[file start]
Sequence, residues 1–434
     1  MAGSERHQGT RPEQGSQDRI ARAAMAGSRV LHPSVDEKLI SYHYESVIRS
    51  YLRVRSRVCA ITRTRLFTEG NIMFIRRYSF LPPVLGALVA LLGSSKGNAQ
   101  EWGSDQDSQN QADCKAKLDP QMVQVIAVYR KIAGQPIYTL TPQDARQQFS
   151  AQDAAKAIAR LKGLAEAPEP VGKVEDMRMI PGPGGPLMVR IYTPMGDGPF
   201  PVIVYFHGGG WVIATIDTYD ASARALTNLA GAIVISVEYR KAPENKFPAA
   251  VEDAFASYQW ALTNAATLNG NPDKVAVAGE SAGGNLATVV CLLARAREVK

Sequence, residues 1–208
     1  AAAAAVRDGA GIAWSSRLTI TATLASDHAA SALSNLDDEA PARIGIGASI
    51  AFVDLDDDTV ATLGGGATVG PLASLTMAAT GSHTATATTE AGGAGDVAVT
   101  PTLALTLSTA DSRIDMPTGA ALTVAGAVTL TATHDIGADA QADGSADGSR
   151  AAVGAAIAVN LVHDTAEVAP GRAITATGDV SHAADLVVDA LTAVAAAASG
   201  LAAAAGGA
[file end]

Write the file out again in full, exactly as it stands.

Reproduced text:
Sequence, residues 1–434
     1  MAGSERHQGT RPEQGSQDRI ARAAMAGSRV LHPSVDEKLI SYHYESVIRS
    51  YLRVRSRVCA ITRTRLFTEG NIMFIRRYSF LPPVLGALVA LLGSSKGNAQ
   101  EWGSDQDSQN QADCKAKLDP QMVQVIAVYR KIAGQPIYTL TPQDARQQFS
   151  AQDAAKAIAR LKGLAEAPEP VGKVEDMRMI PGPGGPLMVR IYTPMGDGPF
   201  PVIVYFHGGG WVIATIDTYD ASARALTNLA GAIVISVEYR KAPENKFPAA
   251  VEDAFASYQW ALTNAATLNG NPDKVAVAGE SAGGNLATVV CLLARAREVK

Sequence, residues 1–208
     1  AAAAAVRDGA GIAWSSRLTI TATLASDHAA SALSNLDDEA PARIGIGASI
    51  AFVDLDDDTV ATLGGGATVG PLASLTMAAT GSHTATATTE AGGAGDVAVT
   101  PTLALTLSTA DSRIDMPTGA ALTVAGAVTL TATHDIGADA QADGSADGSR
   151  AAVGAAIAVN LVHDTAEVAP GRAITATGDV SHAADLVVDA LTAVAAAASG
   201  LAAAAGGA